After whipping up a batch of these, my brother asked if you could over-dose on the potassium in bananas. These are a bit addictive. Oh yes, they are.
January 1, 2012 § 5 Comments
Just so we're clear, English Muffins are not my new years resolution.
That would just be weird… and wouldn't even make sense.
Now that we have that taken care of,
My resolution is simple, to make more foods from scratch that are already staples of my daily diet, but I always grab from shelves of supermarkets without a second thought.
Oh, and to share them here:)
Turns out a lot of my every-day foods are really, way simpler to make then I would have ever thought. For instance, these English Muffins.
The only part that takes more than a few minutes to do is the rising. And it's not like you need to sit and stare at the bowl while the dough rises. in fact… that'd be kind of weird.
These are perfect to make on a day when you have some errands to run or cleaning to do. You can just throw the dough together in the morning, shape them when you come back in the afternoon, and cook 'em that night!
the recipe serves 18 muffins.
1 cup milk 2 tablespoons white sugar 1 (.25 ounce) package active dry yeast 1 cup warm water (110 degrees F/45 degrees C) 1/4 cup melted shortening (I used butter) 6 cups all-purpose flour 1 teaspoon salt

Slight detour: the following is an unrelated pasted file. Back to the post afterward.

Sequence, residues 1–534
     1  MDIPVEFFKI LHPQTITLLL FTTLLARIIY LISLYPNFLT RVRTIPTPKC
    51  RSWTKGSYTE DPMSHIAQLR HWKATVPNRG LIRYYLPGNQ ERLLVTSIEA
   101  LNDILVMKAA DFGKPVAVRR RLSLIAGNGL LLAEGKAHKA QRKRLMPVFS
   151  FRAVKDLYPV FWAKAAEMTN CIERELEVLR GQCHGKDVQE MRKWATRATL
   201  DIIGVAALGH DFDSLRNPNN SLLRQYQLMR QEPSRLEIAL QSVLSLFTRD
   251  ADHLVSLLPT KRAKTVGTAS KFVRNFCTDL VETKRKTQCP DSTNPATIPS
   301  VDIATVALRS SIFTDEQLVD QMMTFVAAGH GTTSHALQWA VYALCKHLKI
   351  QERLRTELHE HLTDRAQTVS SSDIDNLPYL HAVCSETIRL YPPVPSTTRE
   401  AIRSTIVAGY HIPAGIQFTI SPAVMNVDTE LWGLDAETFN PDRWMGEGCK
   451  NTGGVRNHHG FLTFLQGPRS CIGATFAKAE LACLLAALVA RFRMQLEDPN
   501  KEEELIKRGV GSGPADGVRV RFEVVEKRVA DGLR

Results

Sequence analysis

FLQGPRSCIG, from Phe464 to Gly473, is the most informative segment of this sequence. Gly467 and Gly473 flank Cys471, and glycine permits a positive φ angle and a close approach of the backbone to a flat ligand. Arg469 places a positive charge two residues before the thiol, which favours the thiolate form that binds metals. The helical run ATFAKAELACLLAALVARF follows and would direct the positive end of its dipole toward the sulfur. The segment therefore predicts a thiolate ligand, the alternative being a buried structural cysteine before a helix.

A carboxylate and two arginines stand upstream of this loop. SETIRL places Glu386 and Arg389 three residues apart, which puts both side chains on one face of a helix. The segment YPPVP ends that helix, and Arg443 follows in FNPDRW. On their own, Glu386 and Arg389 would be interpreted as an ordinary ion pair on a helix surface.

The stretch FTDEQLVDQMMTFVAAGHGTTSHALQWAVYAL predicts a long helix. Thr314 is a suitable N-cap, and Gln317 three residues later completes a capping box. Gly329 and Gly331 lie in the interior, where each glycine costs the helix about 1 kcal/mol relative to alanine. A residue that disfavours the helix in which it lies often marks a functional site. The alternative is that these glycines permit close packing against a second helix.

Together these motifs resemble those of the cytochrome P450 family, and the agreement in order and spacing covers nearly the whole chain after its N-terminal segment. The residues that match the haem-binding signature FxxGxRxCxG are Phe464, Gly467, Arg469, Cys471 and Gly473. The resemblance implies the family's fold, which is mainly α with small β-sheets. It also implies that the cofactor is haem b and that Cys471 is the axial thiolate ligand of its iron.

Milk & Sugar // Melted Butter // Yeast
On a medium heat warm the cup of milk in a small saucepan until it bubbles, then remove from heat. Mix in the sugar, and keep stirring until all the sugar dissolves. Let the mixture cool till lukewarm. In a small bowl, dissolve yeast in a warm water. Let stand until creamy, about 10 minutes.
In another large bowl, combine the milk, yeast mixture, shortening and 3 cups of flour. Beat until smooth. Add salt and the rest of flour, or enough to make a soft dough. Knead. Place in greased bowl, cover, and let it rise at least 2 hours. *I used my dough hook instead of kneading by hand (I'm lazy:) and I also had to add a few extra spoonfools to my dough to get a good consistency – the dough should still be sticky, but stay together on its own well*
Punch down. Roll out to about 1/2 inch thick. Cut rounds with biscuit cutter, drinking glass, or empty tuna can, whatever you have and give you a round shape. Sprinkle waxed paper with cornmeal and set the rounds on this to rise. Dust tops of muffins with cornmeal also. Cover and let rise 1/2 hour. *I used the lid of a mason jar as my cutter & let my rounds rise for 2 hours*
Heat greased griddle. Cook muffins on griddle about 10 minutes on each side on a medium heat. Keep baked muffins in a warm oven until all have been cooked. Allow to cool and place in plastic bags for storage. To use, split with fork and toast.
the whole recipe makes way more than I need, so I halved it and got 8, but now that I know how good it is I probably will make a whole batch at a time and freeze some plus they're way cheaper than the store-bought kind, and I already had everything in my cabinets to make them!
Happy New Year!